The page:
|Big Con 173: He may ‘pack the racket in’ and go into legitimate business.|
|Eight Bells & Top Masts (2001) 195: I should have told the quartermaster to pack it in .diary 15 Feb. in|
|Adolescent Boys of East London (1969) 27: School wasn’t all that bad [...] but I packed it in as soon as I could.|
|Friends of Eddie Coyle (1973) 35: Pretty soon he quits, just packs it all in and goes away.|
|1985 (1980) 206: Five or six mosque workers wanted to pack the job in.|
|Educating Rita I i: frank: Borrow it. Read it. rita: Ta... If I pack the course in I’ll post it to y’.|
|Trainspotting 328: Renton [...] has now been clean for ages, since long before he packed in his London job.|
|Indep. Rev. 21 Oct. 1: It was a long time after we packed it in that I started blaming the real culprit.|
|Observer Screen 20 Feb. 8: Claire [...] will pack in the fags.|
|Guardian G2 20 Feb. 6: If I’d been my friend, I would have told me to pack it in.|
4. (US Und.) to leave, to depart.
|Men of the Und. 324: Pack in, To leave.|
|Apprenticeship of Duddy Kravitz (1964) 27: I’ll drive you home. It’s time to pack in, anyway.|
5. to end a relationship; usu. as pack someone in.
|Junkie (1966) 8: My friend ‘packed me in’ because the relationship was endangering his standing with the group.|
|Night to Make the Angels Weep (1967) I ix: You think that just because your wife packed you in for another you’ve got to scrape round the barrel for company.|
|Start in Life (1979) 22: I told him he’d be a fool to pack you in.|
|An Eng. Madam 62: I went off it for two or three years after we packed it in.|
|Birthday 11: Such determination to pack him in was a kindness that saved him pleading for her not to do so.|
6. (Aus.) to go to bed.
|Broken Shore (2007) [ebook] You want them asleep. Go in two hours after they pack it in.|
as a command, stop it, stop doing it, stop talking.
|Night and the City 203: ‘Well what do you want to do, then?’ ‘Pack it up.’.|
|Amer. Thes. Sl. §205.4: Stop talking; ‘shut up’, [...] pack it up.|
|Roll On My Twelve 11: Now pack it in, you lads.|
|Jennings’ Little Hut 43: Pack it up, Jen, for heaven’s sake!|
|Fings II i: Tosher Pack it in.|
|Jubb (1966) 82: Pack it in, mate!|
|Entertaining Mr Sloane Act III: Pack it in, I tell you.|
|Saved Scene iv: Pack it up! No wonder that kid cries!|
|Go-Boy! 194: Pack it in! [...] The screws are coming.|
|Only Fools and Horses [TV script] Will you two pack it in!‘Wanted’|
|Fleshmarket Close (2005) 57: ‘Pack it in, Donny,’ the barman warned.|
to go away; also as imper.
|Sarah-Ad 25: So we [...] in the Twinkling of a Feather, / All Three forc’d to pack off together.|
|Wool-Gatherer 125: Hear to the tatterdemallions! – Christian! Bairn i’ My arms! – Ye impudent, hempy-looking tike that ye are! Pack out o’ my house, I say.|
|Dict. of Modern Sl. etc. (2nd edn) 185: PACK, to go away; ‘now, then, pack off there,’ i.e., be of, don’t stop here any longer.|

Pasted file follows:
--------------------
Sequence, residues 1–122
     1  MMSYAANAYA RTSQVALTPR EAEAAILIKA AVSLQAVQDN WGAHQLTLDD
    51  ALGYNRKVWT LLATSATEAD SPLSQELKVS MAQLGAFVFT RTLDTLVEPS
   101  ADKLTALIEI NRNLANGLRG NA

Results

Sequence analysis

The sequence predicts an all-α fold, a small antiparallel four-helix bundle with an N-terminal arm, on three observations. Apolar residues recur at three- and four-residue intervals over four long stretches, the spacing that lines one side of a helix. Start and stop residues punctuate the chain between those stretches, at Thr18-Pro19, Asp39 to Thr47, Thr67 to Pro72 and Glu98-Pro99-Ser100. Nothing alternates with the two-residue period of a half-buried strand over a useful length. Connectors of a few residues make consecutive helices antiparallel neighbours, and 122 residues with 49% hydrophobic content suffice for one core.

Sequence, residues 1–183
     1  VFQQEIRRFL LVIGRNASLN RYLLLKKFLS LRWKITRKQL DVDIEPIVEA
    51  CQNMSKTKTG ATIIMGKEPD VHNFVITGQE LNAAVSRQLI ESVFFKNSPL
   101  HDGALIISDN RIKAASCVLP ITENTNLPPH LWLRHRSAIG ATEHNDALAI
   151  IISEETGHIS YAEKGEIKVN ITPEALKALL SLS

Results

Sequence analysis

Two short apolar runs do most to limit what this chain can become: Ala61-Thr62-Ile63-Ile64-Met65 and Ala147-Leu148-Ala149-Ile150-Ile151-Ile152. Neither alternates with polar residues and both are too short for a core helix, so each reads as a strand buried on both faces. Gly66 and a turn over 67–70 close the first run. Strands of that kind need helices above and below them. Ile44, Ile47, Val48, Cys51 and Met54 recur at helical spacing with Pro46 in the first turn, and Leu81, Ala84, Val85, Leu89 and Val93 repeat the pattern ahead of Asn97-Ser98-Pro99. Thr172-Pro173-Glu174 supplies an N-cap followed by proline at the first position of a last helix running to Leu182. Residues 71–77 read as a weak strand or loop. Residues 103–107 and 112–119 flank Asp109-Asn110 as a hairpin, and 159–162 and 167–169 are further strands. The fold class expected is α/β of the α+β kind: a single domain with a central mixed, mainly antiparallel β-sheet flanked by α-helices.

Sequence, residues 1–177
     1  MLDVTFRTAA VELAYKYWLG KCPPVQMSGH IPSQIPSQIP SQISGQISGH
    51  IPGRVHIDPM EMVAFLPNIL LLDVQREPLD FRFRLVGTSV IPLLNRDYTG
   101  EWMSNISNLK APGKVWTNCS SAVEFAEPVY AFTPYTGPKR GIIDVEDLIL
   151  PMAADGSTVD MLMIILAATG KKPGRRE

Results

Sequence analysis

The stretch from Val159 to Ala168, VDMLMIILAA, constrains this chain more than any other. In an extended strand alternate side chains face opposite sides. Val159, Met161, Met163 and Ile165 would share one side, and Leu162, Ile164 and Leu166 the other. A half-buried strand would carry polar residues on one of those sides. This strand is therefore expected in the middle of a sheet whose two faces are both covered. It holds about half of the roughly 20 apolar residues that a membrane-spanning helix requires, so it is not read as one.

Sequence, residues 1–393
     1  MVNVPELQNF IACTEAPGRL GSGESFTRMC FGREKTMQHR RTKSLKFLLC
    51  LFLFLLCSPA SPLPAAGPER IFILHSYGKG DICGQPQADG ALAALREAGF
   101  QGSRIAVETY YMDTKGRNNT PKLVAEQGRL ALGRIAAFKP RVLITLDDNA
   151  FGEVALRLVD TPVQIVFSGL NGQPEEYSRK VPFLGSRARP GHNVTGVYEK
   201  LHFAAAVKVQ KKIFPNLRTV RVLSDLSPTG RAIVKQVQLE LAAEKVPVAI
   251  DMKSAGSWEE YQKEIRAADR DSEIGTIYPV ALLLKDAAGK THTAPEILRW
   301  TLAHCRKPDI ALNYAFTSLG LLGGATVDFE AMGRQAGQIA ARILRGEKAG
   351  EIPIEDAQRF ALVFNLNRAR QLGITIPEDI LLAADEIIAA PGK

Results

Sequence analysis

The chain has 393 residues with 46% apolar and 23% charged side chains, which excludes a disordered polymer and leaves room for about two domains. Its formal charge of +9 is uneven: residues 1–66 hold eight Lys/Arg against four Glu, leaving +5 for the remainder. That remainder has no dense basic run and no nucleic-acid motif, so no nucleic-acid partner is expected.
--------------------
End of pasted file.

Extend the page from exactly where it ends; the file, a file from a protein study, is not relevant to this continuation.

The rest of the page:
|Sl. Dict. [as cit. 1860].|
1. (orig. milit.) to tire, to abandon one’s efforts, to stop doing something.
|Mint (1955) 120: Some of the rear rank were heard muttering, as Pearson checked us off. ‘Pack that up,’ he snarled.|
|Gentlemen of the Broad Arrows 67: Now, Browne, pack your chatter up.|
|Roll On My Twelve 53: Pack up natterin’ and go off an’ ’ave a week wiv the luscious nurses.|
|Chips 12 Sept. 1: Pack up that stuff, pal.|
|Frying-Pan 83: You can pack-up any time you want.|
|Educating Rita I i: I hate smokin’ on me own. An’ everyone seems to have packed up these days.|
|Remorseful Day (2000) 146: Just pack up the booze.|
2. of a person, to die.
|N&Q 12 Ser. IX 425: Packed Up. Killed.|
|Tell England (1965) 293: Sad about such a nice young gentleman. He’s packing up, they say.|
|You Chirped a Chinful!! n.p.: Packed Up: Dead.|
3. of machinery, or of anything that works mechanically, e.g. the human heart, to stop working; usu. as packed up, occas. packed.
|Story North Sea Air Station 201: To make matters worse another engine packed up [OED].|
|Otterbury Incident 64: There seemed nothing to stop Toppy unless his voice packed up.|
|Sel. Letters (1992) 224: I hurled myself at a novel again, but it packed up last week, and I am still suffering from injury to the self esteem.letter 6 Mar. in Thwaite|
|Barry McKenzie [comic strip] in Complete Barry McKenzie (1988) 105: Her veins have packed up.|
|Fall and Rise of Reginald Perrin (1976) 144: At midnight Jimmy’s torch packed up.|
|London Embassy 156: The radiator packed up in Virginia.|
|Happy Like Murderers 166: The television packed up early in the New Year and she didn’t have any money to fix it.|
|Guardian Travel 8 Jan. 7: The starter motor packed up.|
4. to reject.
|‘In The Melting Pot’ in Ashton et al. Our Lives (1982) 176: Well, him make up him mind that him wanted Liza, so him pack up Pauline.|
to leave for good.
|Voyage to Ireland III 10: I then call to pay, And packing my nawls, whipt to horse, and away .|
|Letters from the Dead to the Living in Works (1760) II 84: I put no confidence in the king [...] should he pack up his awls for the other world I would not trust him.|
|Universal; Etym. Eng. Dict.|
|Adventures of Gil Blas (1822) I 211: The devil [...] whispered in my ear that I should be a great fool, to pack up my alls when the prize was falling into my hands.(trans.)|
|Works 8 191: Old Boreas [...] was required to pack up his alls and be off .Herodotus in|